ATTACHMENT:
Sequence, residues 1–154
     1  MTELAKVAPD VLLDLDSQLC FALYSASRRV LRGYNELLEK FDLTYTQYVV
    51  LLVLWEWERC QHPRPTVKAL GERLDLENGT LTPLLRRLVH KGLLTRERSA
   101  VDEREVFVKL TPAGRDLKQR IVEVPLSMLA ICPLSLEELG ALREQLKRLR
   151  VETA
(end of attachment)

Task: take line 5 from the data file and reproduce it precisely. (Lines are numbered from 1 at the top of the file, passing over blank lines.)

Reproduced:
   151  VETA